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Mexican long-nosed bats synchronize their arrival in Texas with the summer blooming cycle of agave plants on which they rely for pollen and nectar. In Mexico, they also eat the nectar, pollen, and fruit of giant columnar cacti. Like hummingbirds, they hover in front of plants and insert their long noses and tongues deep into the flowers to sip nectar.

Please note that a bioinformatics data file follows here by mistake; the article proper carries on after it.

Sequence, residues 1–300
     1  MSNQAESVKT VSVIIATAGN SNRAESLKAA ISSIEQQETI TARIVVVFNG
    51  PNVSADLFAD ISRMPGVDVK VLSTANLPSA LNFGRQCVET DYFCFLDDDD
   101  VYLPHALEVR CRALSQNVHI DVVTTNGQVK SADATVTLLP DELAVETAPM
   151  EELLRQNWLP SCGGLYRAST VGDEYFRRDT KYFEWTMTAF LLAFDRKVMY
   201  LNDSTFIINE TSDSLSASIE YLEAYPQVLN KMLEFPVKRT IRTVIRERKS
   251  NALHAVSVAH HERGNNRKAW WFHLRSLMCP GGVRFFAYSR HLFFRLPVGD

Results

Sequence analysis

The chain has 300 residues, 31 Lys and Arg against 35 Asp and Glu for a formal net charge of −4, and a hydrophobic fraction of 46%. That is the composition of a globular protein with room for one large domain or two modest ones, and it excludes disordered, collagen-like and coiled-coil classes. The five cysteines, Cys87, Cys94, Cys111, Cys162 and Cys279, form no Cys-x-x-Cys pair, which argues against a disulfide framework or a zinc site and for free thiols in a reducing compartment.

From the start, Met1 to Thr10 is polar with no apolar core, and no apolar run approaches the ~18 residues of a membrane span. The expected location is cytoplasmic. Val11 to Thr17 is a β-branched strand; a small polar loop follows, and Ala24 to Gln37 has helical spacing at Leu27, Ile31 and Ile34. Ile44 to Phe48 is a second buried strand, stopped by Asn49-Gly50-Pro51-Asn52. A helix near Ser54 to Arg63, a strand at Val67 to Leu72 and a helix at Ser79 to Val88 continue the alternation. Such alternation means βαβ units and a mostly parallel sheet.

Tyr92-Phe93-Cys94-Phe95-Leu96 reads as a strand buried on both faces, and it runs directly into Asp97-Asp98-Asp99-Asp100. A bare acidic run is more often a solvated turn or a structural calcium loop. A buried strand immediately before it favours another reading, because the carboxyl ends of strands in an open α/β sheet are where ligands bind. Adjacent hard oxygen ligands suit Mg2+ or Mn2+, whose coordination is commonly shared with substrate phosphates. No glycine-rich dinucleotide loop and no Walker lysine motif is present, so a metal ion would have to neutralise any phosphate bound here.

In Texas, these bats occur in agave and desert-scrub woodlands at elevations of 4,900 to 7,500 feet. They are seldom found far from the agaves and cacti upon which they depend. These bats are found north of the US border only from June to August. They roost in caves, abandoned mines, and cliff-face cavities in groups ranging from a few to several thousand. Many appear to make relatively long seasonal migrations, remaining active in warm climates year-round. These bats are seldom seen except at night at hummingbird feeders.
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